Fredericton Transit has introduced on-board cameras and free Wi-Fi to three buses this week — a pilot project the city says will improve transit services and, ultimately, rider experience.
But the province's privacy watchdog and a city councillor have questions about the collection and use of private data and how the public will be protected.
Two cameras were installed on each of the buses — #8171, #8172 and #8173 — a couple of weeks ago, but they were turned on this week, transit manager Meredith Gilbert said Tuesday when the City of Fredericton officially launched the six-month project.
Gilbert said transit officials are looking for better data collection tools.
"So that we can better understand where our users are coming from, where they want to go, how many there are on different routes, and do better route and service planning for our customers," she said.
The cameras, which cost about $5,000 in total, will capture movement data and the Wi-Fi will "capture user data just by tracking cellphone use through the Wi-Fi in terms of where people are coming and going," she said.
As the data collection supports long-term planning, the additions can have an immediate impact on rider experience. Gilbert said cameras can be used as a deterrent to unwanted behaviour and users can enjoy free internet access during the ride.
Gilbert said the project could eventually lead to real-time information gathering — information that could be shared with riders and keep them updated on the status of service routes.
Fredericton Transit has 28 buses operating on 12 routes.
The city also installed signs letting riders know they're on camera.
When asked about privacy concerns, Gilbert said the city has followed best practices outlined by the Office of the Integrity Commissioner, which has taken on the responsibility as the province's privacy watchdog.
"There should be no concerns for customers," she said.
Charles Murray, the integrity commissioner, said the transit authority needs to be certain that riders understand what it's doing with their data.
"There has to be a pretty direct connection between your collection and the usage you plan to make of the data because in the era of big data the temptation is, 'Well, let's just take it all in and then we'll see what we've got,'" Murray said.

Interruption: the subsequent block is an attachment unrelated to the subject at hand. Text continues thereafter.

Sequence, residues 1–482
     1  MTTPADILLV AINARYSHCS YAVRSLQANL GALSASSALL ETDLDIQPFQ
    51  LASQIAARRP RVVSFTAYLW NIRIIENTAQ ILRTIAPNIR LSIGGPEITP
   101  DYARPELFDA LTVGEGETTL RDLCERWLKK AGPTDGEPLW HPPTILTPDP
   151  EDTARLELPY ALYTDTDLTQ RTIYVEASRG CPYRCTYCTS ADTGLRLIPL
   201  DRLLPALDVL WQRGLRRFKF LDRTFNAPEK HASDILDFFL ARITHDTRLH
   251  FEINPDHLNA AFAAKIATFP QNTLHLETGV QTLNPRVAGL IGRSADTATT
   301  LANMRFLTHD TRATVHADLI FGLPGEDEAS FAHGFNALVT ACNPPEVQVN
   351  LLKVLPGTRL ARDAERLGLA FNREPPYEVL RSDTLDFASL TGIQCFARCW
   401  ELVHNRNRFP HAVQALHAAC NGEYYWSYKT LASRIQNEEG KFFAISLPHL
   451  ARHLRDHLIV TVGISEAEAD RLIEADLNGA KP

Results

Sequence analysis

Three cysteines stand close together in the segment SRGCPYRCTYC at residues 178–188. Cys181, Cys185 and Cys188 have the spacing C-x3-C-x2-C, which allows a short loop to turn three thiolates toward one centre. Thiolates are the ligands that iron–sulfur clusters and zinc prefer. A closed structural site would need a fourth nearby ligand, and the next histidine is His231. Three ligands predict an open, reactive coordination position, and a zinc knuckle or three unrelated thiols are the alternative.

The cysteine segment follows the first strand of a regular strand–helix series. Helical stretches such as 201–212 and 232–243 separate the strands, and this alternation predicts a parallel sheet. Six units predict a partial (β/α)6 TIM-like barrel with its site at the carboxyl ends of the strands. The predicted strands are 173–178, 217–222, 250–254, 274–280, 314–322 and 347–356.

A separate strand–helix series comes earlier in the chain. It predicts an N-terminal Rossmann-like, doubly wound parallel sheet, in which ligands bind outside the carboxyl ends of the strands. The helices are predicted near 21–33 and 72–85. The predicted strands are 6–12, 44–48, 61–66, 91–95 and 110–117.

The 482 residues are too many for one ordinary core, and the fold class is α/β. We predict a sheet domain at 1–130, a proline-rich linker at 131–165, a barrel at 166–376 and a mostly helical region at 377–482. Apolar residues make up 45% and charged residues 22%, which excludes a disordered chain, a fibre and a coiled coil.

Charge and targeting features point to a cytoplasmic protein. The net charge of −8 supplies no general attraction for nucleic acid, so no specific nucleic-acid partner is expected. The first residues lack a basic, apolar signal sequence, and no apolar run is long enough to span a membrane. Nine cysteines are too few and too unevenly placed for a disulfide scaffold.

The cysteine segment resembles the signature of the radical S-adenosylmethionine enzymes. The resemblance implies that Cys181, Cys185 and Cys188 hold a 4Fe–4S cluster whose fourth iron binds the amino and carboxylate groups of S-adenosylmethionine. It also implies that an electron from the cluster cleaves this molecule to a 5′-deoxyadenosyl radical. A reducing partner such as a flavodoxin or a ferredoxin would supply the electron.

"But the law and the best practices don't align with that. You need to have a pretty clear idea of what you're looking for and then you can build your safeguards for privacy based on that and then you're taking out only what you want."'
He said a city news release on the initiative is "kind of vague" in that regard.
Murray said the commissioner's office provided the city a document of best practices for video surveillance produced in 2014. He said that document may be outdated, considering technological advancements, and it focuses more on surveillance with respect to security.
What's being collected?
In an email to CBC News, the city said Fredericton Transit will "perform data analytics to determine" the following: total rider traffic, dwell time duration, real-time rider capture rate, repeat riders, and comparisons between areas, routes and times of day.
No data will be collected if the rider disables Wi-Fi. If it's turned on but not connected to the bus Wi-Fi, the city can still identify a signal that the phone emits, though it would not transmit any identifiable information, the city said.
The data is owned and controlled by the city and is password protected.
"The data is collected by the WiFi access point and forwarded to a hosted application called FortiPresence," the city said in the email. "FortiPresence analytics engines process and correlate the data. Data is then displayed in the analytics dashboard. The dashboard is protected with user login credentials."
City staff with access to data is limited to the transit manager and operations supervisor as well as IT staff and management.
'You know the citizens are going to wonder'
Coun. Kevin Darrah said the technology will improve rider experience and transit service overall. But the chair of the city's transportation committees still had questions about who will be viewing the data and how it's being secured.
"I truly believe staff will do the right thing and it'll be kept in the right areas and people won't be affected," Darrah said after Tuesday's launch.
"But it's one of those questions that you just have to raise because somebody is going to raise a question: where's the data. Who's going to look at it? You know the citizens are going to wonder."
The Office of the Integrity Commissioner would be the main oversight authority for a public body when it comes to matters of privacy, Murray said, but because of resources a review is only triggered by a complaint.
Murray also raised the issue of riders being unable to opt out from being captured on camera if the project expands. Users would be faced with sharing data or not taking the bus.
"One of the things we often talk about in the privacy world is the capacity for people to opt out," he said.
"How do they protect themselves? And it doesn't strike me like a system like this as described provides much options there."
The pilot project, part of Fredericton Transit's strategic plan, will be evaluated in January.